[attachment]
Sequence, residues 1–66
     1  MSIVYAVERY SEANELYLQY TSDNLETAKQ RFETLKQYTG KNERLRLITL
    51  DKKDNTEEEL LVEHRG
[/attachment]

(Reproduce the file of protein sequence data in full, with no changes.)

Sequence, residues 1–66
     1  MSIVYAVERY SEANELYLQY TSDNLETAKQ RFETLKQYTG KNERLRLITL
    51  DKKDNTEEEL LVEHRG